Self-test for chlamydia via the Web
The notion of offering a self-test for chlamydia via the Web - unique in the world - is the centerpiece of the dissertation that Daniel Novak will be defending at Umea University, Sweden, on March 3.
“Testing yourself with the aid of the Internet is something I hope will serve as a major complement to present - day care,” he comments.
Many sexually transmitted diseases present no early symptoms. It is fully possible, for instance, to carry a chlamydia infection without knowing it. At the same time, it is crucial to discover these diseases early in order to counteract their complications and prevent their spread. It is also important to attain a better gender balance among those who have themselves tested-in Sweden roughly 75% of chlamydia tests are done on women.
The dissertation presents a method that enhances the prevention of sexually transmitted diseases. It has proven to be applicable to and accepted by the population of West Bothnia County in northern Sweden, and it has led to a nearly balanced gender distribution among those tested. A health-economic analysis shows such a method to be cost-effective.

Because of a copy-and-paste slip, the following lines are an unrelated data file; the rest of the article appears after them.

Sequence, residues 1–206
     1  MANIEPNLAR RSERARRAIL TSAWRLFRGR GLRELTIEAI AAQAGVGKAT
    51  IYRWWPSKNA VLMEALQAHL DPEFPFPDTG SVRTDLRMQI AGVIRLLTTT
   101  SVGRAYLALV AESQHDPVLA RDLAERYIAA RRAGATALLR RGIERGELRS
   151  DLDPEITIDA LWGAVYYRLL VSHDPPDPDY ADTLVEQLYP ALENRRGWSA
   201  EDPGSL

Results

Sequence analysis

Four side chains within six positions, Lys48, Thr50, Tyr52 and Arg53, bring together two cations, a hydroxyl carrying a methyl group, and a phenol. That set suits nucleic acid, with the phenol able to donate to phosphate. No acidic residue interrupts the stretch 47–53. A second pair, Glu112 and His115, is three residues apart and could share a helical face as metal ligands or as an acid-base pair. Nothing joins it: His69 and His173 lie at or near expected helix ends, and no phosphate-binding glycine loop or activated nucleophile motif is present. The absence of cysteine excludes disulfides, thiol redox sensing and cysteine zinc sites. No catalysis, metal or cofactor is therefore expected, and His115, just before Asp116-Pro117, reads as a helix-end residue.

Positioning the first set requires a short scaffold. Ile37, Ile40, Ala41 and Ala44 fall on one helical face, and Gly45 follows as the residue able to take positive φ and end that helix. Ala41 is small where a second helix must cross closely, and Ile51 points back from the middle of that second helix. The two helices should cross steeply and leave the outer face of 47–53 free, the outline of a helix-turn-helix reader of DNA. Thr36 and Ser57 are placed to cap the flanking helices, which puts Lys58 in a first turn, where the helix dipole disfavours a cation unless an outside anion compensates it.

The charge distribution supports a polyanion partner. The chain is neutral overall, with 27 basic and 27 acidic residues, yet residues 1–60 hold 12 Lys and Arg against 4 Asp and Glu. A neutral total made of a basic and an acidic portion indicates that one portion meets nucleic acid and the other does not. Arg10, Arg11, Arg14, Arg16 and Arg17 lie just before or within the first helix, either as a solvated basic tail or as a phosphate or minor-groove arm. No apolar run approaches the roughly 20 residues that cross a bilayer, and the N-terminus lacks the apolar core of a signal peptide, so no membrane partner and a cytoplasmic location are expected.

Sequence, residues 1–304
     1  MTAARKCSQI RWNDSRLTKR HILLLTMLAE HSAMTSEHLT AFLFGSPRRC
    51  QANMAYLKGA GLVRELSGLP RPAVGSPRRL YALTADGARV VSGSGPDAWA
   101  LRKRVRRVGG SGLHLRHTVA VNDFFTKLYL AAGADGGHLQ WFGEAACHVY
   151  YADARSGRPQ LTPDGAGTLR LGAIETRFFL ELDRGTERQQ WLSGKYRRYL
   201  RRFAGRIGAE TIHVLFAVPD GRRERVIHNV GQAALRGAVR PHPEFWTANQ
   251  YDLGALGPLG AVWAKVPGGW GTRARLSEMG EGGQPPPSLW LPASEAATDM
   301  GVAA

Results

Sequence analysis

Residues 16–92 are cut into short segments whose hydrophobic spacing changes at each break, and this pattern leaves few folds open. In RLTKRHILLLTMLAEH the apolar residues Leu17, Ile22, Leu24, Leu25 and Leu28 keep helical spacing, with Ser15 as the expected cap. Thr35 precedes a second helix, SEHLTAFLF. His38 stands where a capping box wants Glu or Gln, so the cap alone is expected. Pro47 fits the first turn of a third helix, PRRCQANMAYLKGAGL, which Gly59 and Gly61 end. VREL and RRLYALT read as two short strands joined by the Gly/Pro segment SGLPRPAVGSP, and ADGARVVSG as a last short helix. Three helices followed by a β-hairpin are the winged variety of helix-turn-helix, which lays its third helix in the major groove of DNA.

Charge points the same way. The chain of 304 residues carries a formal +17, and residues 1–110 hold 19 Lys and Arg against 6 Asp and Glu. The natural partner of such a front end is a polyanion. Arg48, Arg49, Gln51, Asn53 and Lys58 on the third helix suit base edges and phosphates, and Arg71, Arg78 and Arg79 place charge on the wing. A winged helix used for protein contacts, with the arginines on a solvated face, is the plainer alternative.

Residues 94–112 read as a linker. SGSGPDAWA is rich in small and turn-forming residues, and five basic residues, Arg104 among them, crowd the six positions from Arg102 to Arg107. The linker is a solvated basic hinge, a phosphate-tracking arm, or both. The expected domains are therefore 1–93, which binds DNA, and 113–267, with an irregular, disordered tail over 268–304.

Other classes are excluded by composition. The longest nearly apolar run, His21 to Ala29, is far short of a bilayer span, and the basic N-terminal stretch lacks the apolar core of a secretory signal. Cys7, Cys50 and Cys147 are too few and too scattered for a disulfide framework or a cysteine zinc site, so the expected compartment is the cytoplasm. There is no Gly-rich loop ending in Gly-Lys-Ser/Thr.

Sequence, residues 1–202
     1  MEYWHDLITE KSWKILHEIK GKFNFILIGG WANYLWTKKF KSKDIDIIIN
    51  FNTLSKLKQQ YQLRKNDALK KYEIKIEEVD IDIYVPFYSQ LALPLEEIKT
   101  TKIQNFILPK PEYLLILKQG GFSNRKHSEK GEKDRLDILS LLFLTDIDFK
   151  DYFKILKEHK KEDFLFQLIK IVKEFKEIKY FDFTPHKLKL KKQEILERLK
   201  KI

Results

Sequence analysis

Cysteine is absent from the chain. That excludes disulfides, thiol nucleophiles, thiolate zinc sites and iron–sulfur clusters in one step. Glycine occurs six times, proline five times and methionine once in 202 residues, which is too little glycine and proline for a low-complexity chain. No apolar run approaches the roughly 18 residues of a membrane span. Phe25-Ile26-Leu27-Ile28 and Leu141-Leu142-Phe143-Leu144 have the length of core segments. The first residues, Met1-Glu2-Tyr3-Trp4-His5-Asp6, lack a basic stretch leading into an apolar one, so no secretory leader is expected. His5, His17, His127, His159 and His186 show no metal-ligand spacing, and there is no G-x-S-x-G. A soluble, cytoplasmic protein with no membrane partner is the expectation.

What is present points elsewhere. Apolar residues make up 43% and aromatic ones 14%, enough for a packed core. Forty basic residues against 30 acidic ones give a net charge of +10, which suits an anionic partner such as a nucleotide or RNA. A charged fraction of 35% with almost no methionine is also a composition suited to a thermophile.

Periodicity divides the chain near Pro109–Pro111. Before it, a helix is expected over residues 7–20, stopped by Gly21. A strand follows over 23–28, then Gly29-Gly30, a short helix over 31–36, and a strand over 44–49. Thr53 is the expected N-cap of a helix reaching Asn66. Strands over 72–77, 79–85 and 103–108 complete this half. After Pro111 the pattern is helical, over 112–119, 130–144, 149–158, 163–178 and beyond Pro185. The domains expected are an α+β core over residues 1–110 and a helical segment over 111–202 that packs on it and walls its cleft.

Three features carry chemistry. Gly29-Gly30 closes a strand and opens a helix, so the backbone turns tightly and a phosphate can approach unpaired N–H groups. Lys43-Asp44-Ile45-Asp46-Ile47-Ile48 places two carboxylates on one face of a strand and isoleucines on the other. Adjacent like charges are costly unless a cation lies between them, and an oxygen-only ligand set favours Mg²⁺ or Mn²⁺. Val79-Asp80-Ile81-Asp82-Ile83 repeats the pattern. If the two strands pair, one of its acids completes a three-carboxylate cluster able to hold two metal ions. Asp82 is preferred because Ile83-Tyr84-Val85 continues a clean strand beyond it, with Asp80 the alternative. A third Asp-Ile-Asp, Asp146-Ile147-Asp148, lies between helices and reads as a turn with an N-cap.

Functioning communication between the individual and health-care providers is important to all prevention. The Internet has proven to play a key role in the prevention of sexually transmitted diseases by simplifying communication and making tests more easily accessible. This is a method that has worked well in West Bothnia and that can be used by other counties or countries. It can also be used to combat other sexually transmitted diseases like gonorrhea.
The method is based on the responsibility of the individual. Interested people can visit a home page and learn more about sexual health. With that knowledge they make their own risk assessment and are offered the opportunity to order a set for self-testing in the home. The test is administered at home and sent to the laboratory for analysis. The customer then checks the test result on the Net via a personal code. Infected individuals consult with their doctors themselves.
The studies behind the dissertation have shown that young people actually do assume the responsibility for their own sexual health and test themselves if there is an accessible, informative, and reliable method available.
The Web site is at: http://www.klamydia.se/
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